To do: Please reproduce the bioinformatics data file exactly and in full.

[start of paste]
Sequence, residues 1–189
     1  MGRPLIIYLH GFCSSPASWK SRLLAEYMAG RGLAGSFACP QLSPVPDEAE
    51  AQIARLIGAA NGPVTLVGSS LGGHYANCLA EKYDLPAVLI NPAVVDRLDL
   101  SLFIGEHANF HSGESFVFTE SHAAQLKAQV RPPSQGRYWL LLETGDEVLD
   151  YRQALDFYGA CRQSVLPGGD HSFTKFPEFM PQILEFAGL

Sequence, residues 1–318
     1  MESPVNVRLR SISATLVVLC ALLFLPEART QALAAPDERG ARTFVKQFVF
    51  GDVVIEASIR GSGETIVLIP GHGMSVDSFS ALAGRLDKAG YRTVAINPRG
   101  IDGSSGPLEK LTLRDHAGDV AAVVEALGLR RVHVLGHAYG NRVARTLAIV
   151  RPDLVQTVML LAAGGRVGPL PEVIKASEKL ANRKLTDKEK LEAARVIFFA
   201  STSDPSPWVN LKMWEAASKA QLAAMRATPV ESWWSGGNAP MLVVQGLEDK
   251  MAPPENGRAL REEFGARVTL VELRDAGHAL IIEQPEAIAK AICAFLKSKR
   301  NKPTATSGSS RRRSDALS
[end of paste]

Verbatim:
Sequence, residues 1–189
     1  MGRPLIIYLH GFCSSPASWK SRLLAEYMAG RGLAGSFACP QLSPVPDEAE
    51  AQIARLIGAA NGPVTLVGSS LGGHYANCLA EKYDLPAVLI NPAVVDRLDL
   101  SLFIGEHANF HSGESFVFTE SHAAQLKAQV RPPSQGRYWL LLETGDEVLD
   151  YRQALDFYGA CRQSVLPGGD HSFTKFPEFM PQILEFAGL

Sequence, residues 1–318
     1  MESPVNVRLR SISATLVVLC ALLFLPEART QALAAPDERG ARTFVKQFVF
    51  GDVVIEASIR GSGETIVLIP GHGMSVDSFS ALAGRLDKAG YRTVAINPRG
   101  IDGSSGPLEK LTLRDHAGDV AAVVEALGLR RVHVLGHAYG NRVARTLAIV
   151  RPDLVQTVML LAAGGRVGPL PEVIKASEKL ANRKLTDKEK LEAARVIFFA
   201  STSDPSPWVN LKMWEAASKA QLAAMRATPV ESWWSGGNAP MLVVQGLEDK
   251  MAPPENGRAL REEFGARVTL VELRDAGHAL IIEQPEAIAK AICAFLKSKR
   301  NKPTATSGSS RRRSDALS